If a novelist becomes president...
Novelist and journalist Ahmet Altan testifies in “insult” case, says the court case “should be dropped if Erdoğan and I are equal before the law”
Renowned journalist and novelist Ahmet Altan appeared on Thursday before a judge in the latest hearing of a case in which he is charged with “insulting the president” in remarks during a television program in September.
Altan, held in pre-trial detention since September in a separate case in which he faces accusations of “attempting to overthrow the Government of the Republic of Turkey” and “membership in a terrorist organization,” said the court case against him should be dropped on the basis of a previous ruling handed down in response to an insult complaint against Erdoğan.
He maintained that his remarks on Bugün TV, which later was closed down, were criticism directed against Erdoğan, who he said was exceeding his constitutional limits and acting, as he himself also admits, as a “de facto” president with boosted executive powers.
Altan, who attended the hearing at the İstanbul 32nd Criminal Court of First Instance through video conferencing from İstanbul’s Silivri prison, then proceeded to explain his case with an example based on an imaginary scenario, in which he, as a novelist, joins politics and eventually gets elected as president. “Now, if a literary critic comes up and says that I have written a terrible novel and that I am a terrible writer, would this critic be put on trial for insulting the president? Does the fact that I am a president make it a crime to criticize the novels I wrote? Does the fact that I am a president make me above all kinds of criticism? Wouldn’t it be a hokey-pokey designed to cheat the law to attempt to put the critic who criticizes me and my novel on trial for ‘insulting the president’?” he asked.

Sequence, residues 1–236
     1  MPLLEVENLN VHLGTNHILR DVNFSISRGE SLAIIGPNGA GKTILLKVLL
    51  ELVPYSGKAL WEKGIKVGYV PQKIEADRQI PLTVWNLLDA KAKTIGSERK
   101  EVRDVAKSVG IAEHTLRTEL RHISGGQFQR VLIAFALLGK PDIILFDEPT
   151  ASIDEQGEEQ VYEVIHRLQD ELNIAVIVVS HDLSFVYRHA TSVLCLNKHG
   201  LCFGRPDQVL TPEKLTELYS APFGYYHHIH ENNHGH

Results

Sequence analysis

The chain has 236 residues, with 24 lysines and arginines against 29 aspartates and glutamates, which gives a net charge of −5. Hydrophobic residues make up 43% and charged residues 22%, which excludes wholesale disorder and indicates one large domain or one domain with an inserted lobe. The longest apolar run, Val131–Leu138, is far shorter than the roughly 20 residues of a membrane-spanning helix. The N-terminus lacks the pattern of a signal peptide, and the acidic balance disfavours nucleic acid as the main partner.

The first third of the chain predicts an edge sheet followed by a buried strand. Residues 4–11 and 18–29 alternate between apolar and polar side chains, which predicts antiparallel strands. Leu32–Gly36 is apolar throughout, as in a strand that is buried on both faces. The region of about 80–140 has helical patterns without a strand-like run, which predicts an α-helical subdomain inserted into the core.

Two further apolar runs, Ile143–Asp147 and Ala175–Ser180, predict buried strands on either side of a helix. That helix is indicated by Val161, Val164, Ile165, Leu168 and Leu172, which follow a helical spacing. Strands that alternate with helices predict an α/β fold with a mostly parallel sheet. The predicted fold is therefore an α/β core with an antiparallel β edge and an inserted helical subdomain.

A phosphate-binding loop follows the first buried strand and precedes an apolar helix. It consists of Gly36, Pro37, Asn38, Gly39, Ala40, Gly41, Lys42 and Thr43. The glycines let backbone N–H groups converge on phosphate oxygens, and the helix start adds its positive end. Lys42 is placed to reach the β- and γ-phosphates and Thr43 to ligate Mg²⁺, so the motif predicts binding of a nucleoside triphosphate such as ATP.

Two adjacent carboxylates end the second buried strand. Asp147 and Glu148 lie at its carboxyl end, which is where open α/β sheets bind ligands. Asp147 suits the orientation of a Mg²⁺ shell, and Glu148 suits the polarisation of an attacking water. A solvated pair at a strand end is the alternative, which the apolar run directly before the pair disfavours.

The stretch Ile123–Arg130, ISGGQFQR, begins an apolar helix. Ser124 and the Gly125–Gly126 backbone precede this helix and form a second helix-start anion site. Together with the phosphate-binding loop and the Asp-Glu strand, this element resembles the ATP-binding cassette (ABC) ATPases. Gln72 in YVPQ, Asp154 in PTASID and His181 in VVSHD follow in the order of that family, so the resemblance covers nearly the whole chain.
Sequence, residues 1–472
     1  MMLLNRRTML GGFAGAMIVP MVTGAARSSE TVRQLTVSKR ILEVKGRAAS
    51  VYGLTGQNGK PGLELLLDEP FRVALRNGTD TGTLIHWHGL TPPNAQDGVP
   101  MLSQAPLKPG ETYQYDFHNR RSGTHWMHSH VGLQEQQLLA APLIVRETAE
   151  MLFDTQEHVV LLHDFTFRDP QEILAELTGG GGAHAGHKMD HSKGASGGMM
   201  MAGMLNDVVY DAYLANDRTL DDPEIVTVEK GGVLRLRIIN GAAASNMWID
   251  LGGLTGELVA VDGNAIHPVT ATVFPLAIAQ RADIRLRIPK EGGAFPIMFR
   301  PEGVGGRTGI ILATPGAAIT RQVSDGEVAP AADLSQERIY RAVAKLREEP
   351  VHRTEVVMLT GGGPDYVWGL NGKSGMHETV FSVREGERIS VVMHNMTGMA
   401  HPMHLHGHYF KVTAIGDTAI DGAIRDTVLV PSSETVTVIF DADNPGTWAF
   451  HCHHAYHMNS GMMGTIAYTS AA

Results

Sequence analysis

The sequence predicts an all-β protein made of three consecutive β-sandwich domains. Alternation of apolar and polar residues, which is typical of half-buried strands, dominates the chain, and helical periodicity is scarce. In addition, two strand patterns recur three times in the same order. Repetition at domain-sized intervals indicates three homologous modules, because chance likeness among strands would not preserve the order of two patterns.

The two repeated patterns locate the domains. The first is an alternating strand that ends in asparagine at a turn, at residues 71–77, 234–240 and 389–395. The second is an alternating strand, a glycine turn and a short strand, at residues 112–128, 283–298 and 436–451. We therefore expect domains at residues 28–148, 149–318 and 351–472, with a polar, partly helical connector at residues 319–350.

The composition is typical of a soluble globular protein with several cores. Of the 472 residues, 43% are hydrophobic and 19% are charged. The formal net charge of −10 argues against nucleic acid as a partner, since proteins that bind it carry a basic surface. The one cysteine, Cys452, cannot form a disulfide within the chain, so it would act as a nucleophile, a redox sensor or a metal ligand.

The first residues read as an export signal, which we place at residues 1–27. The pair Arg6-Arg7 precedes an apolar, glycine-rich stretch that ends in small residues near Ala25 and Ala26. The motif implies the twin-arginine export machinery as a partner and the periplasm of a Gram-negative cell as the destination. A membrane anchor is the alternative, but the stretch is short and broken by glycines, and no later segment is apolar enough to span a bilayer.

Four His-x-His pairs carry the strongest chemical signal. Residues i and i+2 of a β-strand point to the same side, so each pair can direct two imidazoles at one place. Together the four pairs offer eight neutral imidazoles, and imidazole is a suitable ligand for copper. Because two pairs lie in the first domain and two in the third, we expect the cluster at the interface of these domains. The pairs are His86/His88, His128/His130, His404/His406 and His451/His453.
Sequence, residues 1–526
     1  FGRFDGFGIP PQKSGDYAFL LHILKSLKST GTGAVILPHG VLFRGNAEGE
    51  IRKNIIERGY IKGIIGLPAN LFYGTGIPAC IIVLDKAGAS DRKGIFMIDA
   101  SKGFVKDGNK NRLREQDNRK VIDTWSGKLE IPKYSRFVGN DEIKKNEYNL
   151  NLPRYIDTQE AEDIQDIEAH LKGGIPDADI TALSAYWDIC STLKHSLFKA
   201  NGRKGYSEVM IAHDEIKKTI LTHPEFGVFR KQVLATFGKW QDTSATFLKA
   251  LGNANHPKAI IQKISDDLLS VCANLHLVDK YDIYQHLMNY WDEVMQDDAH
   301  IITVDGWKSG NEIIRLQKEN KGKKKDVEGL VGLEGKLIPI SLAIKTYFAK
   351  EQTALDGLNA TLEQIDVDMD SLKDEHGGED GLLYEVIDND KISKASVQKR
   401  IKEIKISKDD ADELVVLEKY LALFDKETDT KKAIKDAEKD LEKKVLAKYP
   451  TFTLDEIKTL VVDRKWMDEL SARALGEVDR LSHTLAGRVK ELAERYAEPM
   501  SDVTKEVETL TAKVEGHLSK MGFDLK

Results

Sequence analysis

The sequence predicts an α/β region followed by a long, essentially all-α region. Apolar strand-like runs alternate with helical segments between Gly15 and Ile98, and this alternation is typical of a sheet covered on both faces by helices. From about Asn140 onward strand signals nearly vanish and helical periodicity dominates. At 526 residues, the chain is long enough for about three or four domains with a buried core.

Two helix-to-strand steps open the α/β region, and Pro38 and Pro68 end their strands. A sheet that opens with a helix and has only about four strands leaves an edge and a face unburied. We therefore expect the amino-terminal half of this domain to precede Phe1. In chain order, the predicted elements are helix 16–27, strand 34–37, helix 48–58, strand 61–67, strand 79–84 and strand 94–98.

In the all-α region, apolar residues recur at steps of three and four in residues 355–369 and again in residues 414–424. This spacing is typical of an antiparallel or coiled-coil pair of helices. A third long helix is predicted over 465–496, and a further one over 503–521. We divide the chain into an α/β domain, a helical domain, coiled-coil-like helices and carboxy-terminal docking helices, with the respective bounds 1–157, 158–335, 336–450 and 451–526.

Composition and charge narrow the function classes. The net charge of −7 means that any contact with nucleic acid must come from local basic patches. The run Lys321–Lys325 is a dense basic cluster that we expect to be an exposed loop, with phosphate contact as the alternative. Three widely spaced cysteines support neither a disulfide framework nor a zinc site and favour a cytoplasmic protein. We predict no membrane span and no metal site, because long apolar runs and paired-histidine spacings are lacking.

“Erdoğan agrees with me”
Insisting that his criticism towards the president cannot be considered insult, Altan said the president agrees with him as well, as shown in a petition he submitted in April 2016 to a court overseeing his trial in an insult case that was launched by a well-known Turkish academic, Professor Baskın Oran, against his remarks targeting academics.
In that petition, Erdoğan defended his case through the case-law of the Constitutional Court and the European Court of Human Rights, stipulating that the freedom of expression the freedom of expression is applicable also to information or ideas that are regarded by the state or a segment of the society as offensive, shocking or disturbing.
“I certainly agree with Erdoğan on this matter,” Altan said. He reminded that the court eventually ruled that Erdoğan’s statements targeting the Turkish academics, including such strong words as “ignorant,” “traitor,” or “immoral,” did not constitute a crime and rejected Oran’s complaint.
Altan then said that the current case against him should also be rejected if everyone is equal before the law. “Unless there are laws implemented differently to different individuals, if I and Recep Tayyip Erdoğan and the rest of the 80 million citizens are equal before the law, this court case against me should also be rejected or at least result in acquittal according to the very justified defense submitted by Erdoğan,” he told the court.
President insists on complaint
The president has first withdrawn his complaint against Altan as part of a decision to withdraw all his complaints in insult cases as a one-off gesture in late July but his lawyers later said that the complaint remains.
Lawyer Ömer Faruk Karagüzel, who represented Erdoğan at Thursday’s hearing, said Altan argued the president had exceeded his limits but did not offer any statement to support this claim. He insisted that Altan’s televised remarks went beyond criticism, constituting insult, and said he should therefore be punished.
The court adjourned the case to June 20.
The prosecutor demands up to 4 years and 8 months in jail for Altan under the Article 299 of the Turkish Criminal Law (TCK), which covers the crime of “insulting the president.”